Bazelon Center’s “Campus Mental Health: Frequently Asked Questions” Guide Helps College Students Navigate Mental Health Disability Rights

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Colleges and Universities Should Make Reasonable Accommodations for Students with Mental Health Disabilities To Help Them Fully Participate in University Life

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The Judge David L. Bazelon Center for Mental Health Law, a national legal advocacy organization advancing the rights of people with mental disabilities, today announced that it has published “Campus Mental Health: Frequently Asked Questions (FAQs),” a guide to help college students navigate mental health disability rights on their college and university campuses.

“Many students attending colleges experience anxiety, depression, and other mental health problems that can make it difficult for them to function during the school year,” said Maura Klugman, a staff attorney at the Bazelon Center. “We created this guide as a user-friendly resource for students with mental health issues to become more aware of their rights. For instance, students should be aware that they cannot be disciplined or punished for having a mental health disability.”

Nearly all universities are subject to the Americans with Disabilities Act (ADA), either because they are publicly funded or, in the case of private universities, because they are considered public accommodations. Universities and colleges that receive public funding are also subject to Section 504 of the Rehabilitation Act of 1973, and colleges that provide housing must comply with the Fair Housing Act.

“Under these federal laws, a college or university may not discriminate against a student on the basis of their disability,” said Klugman. “This means that a college or university cannot exclude an otherwise qualified student from a program, or from facilities like dorms or libraries, because that person has a mental health disability.”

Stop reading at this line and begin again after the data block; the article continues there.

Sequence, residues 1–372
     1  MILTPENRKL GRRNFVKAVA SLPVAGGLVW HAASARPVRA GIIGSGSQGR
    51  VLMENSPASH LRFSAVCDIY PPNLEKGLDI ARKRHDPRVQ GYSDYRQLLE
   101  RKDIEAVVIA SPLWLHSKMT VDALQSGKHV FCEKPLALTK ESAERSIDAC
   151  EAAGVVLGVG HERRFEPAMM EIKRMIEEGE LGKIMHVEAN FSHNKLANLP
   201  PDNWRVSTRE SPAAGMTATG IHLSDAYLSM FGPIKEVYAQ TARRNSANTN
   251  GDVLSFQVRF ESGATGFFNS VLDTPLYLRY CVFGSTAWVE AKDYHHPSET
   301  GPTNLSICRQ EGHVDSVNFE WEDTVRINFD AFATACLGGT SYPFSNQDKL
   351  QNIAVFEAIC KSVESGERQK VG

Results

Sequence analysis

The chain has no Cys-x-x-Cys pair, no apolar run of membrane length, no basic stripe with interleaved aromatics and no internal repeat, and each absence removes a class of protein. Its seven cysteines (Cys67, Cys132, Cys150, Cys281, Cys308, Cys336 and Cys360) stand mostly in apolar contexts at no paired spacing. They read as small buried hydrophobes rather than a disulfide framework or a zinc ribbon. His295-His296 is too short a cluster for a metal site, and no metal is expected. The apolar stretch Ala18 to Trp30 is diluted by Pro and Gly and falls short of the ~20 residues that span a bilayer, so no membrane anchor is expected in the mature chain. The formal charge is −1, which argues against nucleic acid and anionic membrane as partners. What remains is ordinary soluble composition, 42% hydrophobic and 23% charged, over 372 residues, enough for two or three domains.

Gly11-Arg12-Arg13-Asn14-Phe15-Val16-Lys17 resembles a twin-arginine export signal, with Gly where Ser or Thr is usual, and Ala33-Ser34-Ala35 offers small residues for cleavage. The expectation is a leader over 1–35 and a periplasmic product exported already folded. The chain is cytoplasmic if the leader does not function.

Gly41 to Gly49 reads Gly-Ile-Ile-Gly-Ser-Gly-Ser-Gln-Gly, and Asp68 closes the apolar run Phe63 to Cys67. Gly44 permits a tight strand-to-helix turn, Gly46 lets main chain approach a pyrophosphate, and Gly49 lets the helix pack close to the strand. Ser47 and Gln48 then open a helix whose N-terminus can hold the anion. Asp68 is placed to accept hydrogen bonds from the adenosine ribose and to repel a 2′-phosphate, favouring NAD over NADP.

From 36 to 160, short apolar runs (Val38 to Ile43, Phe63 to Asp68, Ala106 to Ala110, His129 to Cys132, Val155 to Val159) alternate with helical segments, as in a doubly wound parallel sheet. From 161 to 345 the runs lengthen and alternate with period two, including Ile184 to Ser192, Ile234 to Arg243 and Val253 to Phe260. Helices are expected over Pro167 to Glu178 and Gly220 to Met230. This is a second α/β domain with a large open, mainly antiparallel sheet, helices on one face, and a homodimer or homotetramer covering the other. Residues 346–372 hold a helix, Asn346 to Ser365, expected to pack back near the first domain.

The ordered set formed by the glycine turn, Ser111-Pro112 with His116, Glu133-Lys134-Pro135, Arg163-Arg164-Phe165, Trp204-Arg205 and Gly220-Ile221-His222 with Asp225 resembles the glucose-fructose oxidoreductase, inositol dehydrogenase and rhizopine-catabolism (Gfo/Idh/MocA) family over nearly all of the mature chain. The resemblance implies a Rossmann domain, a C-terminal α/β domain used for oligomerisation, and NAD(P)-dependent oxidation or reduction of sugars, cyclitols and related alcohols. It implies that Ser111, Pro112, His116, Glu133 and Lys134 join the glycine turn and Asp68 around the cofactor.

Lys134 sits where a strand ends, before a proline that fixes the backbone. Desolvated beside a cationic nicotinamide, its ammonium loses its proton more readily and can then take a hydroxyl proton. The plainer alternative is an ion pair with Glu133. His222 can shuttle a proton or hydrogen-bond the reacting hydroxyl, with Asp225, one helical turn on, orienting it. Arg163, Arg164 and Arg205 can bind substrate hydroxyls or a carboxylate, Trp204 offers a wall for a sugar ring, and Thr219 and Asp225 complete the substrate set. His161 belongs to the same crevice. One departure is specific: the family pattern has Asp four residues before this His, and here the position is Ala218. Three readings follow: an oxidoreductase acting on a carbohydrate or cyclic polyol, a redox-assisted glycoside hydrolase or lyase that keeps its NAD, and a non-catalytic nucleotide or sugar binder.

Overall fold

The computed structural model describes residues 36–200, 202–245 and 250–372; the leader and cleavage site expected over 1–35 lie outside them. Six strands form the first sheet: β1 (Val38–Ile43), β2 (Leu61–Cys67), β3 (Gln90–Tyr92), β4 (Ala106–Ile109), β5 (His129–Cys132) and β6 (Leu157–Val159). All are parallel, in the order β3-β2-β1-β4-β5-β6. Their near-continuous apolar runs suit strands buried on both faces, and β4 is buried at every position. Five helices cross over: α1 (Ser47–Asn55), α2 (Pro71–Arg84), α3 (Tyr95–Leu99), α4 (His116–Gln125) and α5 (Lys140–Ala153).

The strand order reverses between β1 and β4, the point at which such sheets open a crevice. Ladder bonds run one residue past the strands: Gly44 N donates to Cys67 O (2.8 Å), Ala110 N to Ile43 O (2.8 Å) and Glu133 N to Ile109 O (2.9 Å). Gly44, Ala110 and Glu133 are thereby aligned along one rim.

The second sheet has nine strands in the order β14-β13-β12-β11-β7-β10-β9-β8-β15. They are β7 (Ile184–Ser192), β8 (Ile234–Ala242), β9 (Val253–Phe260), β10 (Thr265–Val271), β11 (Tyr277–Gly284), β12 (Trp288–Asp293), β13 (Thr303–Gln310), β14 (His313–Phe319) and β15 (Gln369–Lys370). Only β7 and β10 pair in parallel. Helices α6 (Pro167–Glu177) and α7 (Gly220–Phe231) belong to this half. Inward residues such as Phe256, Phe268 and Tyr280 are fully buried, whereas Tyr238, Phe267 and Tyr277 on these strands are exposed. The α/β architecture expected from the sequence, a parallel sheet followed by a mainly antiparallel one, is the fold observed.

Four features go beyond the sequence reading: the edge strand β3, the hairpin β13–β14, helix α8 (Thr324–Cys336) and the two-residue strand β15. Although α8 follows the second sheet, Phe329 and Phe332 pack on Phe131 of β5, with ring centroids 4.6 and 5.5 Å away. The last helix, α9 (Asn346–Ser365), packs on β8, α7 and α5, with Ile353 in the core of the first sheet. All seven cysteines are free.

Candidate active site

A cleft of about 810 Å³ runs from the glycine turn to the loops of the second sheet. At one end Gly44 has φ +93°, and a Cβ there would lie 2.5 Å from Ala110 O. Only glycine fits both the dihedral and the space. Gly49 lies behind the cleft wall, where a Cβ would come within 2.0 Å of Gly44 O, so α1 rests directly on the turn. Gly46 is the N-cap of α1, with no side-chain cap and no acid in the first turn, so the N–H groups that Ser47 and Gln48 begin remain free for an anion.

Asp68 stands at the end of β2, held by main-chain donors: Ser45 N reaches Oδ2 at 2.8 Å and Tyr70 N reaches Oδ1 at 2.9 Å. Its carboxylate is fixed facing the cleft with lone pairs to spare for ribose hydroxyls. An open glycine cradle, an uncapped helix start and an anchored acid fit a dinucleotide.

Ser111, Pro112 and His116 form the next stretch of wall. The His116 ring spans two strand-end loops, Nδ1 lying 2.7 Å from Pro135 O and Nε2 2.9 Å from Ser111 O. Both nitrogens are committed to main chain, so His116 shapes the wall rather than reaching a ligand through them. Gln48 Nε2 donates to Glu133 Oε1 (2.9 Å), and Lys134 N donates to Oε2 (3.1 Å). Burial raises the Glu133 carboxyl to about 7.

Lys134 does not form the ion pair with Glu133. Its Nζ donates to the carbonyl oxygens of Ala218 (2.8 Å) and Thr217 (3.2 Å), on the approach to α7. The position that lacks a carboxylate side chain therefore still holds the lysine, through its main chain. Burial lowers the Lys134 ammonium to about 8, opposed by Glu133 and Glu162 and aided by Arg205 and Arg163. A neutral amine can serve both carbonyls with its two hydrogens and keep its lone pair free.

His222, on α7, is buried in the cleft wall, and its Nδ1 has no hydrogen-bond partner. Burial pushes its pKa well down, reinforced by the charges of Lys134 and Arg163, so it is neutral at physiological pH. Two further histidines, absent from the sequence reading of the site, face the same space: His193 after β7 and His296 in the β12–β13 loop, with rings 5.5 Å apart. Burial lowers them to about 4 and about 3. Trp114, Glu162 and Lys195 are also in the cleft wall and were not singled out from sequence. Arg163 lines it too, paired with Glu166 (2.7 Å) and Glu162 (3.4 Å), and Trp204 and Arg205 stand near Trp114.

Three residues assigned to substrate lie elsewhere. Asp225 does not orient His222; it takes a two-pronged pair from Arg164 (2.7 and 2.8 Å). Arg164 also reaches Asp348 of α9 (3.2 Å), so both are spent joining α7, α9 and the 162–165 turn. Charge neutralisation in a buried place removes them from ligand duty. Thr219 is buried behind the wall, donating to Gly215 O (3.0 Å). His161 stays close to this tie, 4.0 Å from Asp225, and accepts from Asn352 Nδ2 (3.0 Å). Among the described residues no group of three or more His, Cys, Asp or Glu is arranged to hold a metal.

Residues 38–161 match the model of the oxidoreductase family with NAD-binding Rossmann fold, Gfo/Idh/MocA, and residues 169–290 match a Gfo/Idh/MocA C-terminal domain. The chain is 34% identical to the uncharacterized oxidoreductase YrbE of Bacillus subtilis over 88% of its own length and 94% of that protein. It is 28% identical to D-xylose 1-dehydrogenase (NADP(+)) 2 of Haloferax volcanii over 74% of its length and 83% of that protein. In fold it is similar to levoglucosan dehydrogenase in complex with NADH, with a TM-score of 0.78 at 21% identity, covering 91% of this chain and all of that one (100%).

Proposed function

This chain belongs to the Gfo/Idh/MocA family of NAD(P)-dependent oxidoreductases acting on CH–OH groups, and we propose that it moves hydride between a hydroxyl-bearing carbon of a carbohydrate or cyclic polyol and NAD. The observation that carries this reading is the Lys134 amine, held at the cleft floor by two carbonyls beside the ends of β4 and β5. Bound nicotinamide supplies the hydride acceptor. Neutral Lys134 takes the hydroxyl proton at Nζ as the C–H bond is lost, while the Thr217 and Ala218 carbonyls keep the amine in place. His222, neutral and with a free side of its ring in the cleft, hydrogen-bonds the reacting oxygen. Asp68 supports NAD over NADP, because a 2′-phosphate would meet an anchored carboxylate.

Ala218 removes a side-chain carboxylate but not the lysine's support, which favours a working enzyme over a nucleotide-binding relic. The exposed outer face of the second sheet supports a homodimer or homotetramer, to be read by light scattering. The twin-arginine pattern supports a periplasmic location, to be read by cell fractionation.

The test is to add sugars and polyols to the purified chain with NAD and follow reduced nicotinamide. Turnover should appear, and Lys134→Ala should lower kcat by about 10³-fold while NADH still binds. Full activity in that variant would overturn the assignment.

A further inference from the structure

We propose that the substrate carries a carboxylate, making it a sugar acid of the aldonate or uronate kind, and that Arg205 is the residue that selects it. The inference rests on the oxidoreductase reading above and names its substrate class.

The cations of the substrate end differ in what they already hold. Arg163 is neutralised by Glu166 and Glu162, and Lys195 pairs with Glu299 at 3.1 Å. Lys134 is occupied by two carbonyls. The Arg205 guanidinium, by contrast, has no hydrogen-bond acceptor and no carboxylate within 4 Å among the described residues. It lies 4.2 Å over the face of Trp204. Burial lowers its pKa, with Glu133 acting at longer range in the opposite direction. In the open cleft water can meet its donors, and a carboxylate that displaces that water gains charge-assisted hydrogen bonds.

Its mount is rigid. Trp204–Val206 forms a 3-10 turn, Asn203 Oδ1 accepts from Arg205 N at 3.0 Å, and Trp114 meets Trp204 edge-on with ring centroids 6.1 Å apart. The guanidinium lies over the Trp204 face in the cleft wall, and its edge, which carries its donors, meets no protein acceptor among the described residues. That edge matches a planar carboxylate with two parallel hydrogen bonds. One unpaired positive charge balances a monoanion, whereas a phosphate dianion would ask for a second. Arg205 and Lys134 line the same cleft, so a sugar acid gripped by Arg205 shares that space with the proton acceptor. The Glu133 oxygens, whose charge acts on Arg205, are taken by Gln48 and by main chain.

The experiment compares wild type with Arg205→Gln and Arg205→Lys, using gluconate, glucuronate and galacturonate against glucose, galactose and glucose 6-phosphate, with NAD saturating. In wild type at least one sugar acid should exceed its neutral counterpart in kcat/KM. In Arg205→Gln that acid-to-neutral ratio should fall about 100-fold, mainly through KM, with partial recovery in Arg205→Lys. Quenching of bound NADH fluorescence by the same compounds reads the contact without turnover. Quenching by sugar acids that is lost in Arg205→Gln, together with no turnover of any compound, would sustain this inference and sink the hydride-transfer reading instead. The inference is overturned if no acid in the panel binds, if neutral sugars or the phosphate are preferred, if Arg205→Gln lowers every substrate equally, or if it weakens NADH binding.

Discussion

Moreover, Klugman explained, universities and colleges must provide “reasonable accommodations” to students with disabilities to help them participate in university life. “Reasonable accommodations may include extra time to complete exams, permission to take a leave of absence, access to assistive technology, the use of a private room, or allowing the student to keep a service or emotional support animal in campus housing,” said Klugman.

The “Campus Mental Health: FAQs” answers questions that students with mental health disabilities may face during their time at school, including:

  •     Which laws protect my rights as a college or graduate student with a disability?
  •     What kinds of accommodations are reasonable?
  •     How and when should I request an accommodation?
  •     What should I do if I am facing discipline for conduct related to my disability?
  •     What are my rights regarding medical leaves of absence?
  •     What conditions can my school impose on me when I am returning from involuntary leave?
  •     What can I do if my school is denying the accommodations I requested and/or imposing discriminatory disciplinary procedures?

The “Campus Mental Health: Frequently Asked Questions” is available as a free download at: https://tinyurl.com/MHFactSheet. More information about campus mental health is available online at http://www.bazelon.org.

About The Judge David L. Bazelon Center for Mental Health Law

The Judge David L. Bazelon Center for Mental Health Law is a national legal advocacy organization protecting and advancing the rights of people with mental disabilities. The Center promotes laws and policies that enable people with mental disabilities to live independently in their own homes and communities, and to enjoy the same opportunities that everyone else does. For more information, visit http://www.bazelon.org.

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Julie Rosenthal

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